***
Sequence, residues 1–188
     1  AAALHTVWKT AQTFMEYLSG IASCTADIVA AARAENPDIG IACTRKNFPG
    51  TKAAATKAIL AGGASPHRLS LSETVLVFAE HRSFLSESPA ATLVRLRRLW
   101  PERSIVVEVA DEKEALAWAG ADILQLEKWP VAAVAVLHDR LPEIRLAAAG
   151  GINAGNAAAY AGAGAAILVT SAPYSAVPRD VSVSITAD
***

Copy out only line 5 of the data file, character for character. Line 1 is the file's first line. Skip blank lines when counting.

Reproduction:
   151  GINAGNAAAY AGAGAAILVT SAPYSAVPRD VSVSITAD